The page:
Fixing the AMT: Politicians As Software Architects

I love politicians who think they are software architects or system engineers. I wince whenever they pass some ill-conceived legislation, the success of which critically depends on information systems & technology (IS&T) without ever bothering to consider the technological and management risks involved. Like Captain Jean-Luc Picard, they just order, "Make it so."

This time Congress has screwed around and not passed legislation that has another signficiant IS&T component, namely the promised fix to the alternative minimum tax (AMT). The AMT was passed in 1969 as a way to make 155 very wealthy families (of the time) pay some taxes (they were able to avoid doing so by claiming lots of state and federal deductions).

Over time, the AMT has grown (it isn't inflation adjusted) to hit more and more taxpayers - 4 million in 2006. If changes aren't made, it will likely hit 25 million taxpayers this year, most who aren't aware that they will owe lots more money (about $2,000 on average), and possibly penalties for underpaying their taxes.

Congress is supposed to legislate a fix, but squabbling between Congress and the White House has delayed progress. Any legislative change, of course, may require changes to millions of lines of software in IRS computer systems since the AMT affects so many different tax computations. Reprogramming the IRS computer systems to deal with new AMT legislation requires 12 weeks from the time the bill is signed into law; the IRS also needs three weeks to print new tax forms.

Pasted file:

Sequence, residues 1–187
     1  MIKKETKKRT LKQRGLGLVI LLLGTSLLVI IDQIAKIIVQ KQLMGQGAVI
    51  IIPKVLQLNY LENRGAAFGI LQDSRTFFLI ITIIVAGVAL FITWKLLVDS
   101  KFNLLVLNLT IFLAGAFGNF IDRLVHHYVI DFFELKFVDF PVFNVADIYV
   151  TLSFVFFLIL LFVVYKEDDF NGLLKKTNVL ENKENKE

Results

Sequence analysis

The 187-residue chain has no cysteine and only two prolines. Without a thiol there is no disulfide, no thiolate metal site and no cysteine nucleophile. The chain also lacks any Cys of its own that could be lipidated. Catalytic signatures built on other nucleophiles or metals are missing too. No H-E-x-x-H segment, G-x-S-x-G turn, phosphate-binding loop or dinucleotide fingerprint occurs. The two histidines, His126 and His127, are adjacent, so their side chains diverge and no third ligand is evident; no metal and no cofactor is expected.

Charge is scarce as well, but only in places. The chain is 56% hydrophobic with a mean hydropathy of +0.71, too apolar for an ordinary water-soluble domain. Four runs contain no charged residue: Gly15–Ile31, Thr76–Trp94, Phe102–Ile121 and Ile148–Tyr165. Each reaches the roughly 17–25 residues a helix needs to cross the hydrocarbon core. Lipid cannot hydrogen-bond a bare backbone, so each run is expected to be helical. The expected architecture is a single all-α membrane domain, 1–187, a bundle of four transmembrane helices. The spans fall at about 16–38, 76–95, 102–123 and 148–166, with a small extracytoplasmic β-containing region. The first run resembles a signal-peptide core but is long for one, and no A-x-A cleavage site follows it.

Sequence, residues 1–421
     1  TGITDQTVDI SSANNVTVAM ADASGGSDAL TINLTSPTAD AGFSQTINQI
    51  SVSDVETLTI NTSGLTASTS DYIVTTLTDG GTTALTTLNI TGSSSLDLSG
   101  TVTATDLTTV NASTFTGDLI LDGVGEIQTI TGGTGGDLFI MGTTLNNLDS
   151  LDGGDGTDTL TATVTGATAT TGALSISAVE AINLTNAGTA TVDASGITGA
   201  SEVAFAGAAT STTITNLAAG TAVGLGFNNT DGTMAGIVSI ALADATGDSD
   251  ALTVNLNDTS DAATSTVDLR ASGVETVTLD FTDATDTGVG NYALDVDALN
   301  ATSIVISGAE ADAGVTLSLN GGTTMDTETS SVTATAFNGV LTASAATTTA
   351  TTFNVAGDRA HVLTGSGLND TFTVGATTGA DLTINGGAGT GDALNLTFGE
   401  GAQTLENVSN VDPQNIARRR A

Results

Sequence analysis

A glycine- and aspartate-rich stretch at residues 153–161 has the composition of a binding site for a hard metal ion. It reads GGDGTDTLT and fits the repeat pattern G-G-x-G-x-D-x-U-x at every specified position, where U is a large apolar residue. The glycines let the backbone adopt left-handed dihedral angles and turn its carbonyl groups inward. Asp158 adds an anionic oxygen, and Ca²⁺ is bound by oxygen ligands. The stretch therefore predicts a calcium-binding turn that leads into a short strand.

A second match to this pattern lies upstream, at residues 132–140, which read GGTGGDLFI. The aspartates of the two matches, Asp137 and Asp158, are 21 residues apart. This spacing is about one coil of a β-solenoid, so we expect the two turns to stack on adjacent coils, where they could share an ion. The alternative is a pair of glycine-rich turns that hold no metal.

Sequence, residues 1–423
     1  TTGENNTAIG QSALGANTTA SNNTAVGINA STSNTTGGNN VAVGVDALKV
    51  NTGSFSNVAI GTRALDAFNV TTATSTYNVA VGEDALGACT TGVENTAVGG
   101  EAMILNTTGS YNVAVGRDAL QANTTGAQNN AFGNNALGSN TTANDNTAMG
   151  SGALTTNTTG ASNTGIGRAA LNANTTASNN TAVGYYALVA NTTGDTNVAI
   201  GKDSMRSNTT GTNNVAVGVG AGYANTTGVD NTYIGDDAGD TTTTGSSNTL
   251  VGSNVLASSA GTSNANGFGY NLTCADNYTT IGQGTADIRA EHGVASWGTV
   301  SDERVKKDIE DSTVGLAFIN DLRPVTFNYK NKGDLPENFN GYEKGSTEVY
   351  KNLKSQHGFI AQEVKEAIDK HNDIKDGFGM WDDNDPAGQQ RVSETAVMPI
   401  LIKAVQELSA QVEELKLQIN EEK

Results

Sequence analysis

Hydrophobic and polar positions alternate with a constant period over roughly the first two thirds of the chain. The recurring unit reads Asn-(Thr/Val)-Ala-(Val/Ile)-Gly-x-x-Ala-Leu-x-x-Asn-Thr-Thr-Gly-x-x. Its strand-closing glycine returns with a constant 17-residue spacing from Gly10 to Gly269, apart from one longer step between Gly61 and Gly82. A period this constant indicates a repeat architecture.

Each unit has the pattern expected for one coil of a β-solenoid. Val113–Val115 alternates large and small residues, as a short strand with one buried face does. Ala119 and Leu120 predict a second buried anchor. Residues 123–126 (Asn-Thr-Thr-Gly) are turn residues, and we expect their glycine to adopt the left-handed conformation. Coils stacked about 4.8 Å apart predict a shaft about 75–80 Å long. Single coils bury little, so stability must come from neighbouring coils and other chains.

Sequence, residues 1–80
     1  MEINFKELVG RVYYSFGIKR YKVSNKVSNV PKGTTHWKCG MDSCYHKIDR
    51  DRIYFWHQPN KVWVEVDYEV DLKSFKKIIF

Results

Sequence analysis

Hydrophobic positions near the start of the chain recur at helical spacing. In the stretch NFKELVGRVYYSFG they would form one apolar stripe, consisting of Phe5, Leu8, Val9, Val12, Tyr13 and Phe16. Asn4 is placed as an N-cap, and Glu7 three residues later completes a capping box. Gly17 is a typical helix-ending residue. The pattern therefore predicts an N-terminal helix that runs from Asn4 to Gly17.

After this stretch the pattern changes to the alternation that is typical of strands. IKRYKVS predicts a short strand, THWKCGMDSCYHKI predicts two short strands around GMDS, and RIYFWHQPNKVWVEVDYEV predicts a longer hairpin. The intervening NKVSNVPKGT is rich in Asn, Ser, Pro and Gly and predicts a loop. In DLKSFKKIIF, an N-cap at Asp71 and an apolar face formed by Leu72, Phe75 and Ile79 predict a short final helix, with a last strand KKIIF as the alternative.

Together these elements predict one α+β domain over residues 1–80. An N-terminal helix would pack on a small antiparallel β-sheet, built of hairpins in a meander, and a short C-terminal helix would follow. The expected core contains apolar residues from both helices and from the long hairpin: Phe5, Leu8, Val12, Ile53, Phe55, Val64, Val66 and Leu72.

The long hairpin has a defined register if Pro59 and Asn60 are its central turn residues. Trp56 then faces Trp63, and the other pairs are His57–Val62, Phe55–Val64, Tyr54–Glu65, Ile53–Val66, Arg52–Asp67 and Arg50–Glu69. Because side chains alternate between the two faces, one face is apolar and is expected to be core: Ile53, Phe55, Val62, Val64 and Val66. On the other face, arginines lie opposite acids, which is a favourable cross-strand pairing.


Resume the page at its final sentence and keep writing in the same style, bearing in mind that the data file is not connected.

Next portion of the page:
The IRS is warning that if Congress waits too much longer, it may have no choice but to delay not only the tax filing season start date of 14 January 2008 to mid-February, but also refund checks for another 25 million taxpayers to the tune of some $87 billion.

I also suspect that, on top of all the confusion that will ensue, those IRS computer systems won't be able to be fully system tested given the schedule pressure, so some AMT-related problems likely won't surface until well into next year. And even though the various makers of home tax preparation software claim the delay is no big deal, I bet it will be if things drag on much longer. The risk of both deliberate and unintended tax noncompliance will soar.

Congress has been warned about this problem for over a year, but I guess it had better things to do.


Risk Factor

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Robert Charette
Spotsylvania, Va.
Willie D. Jones
New York City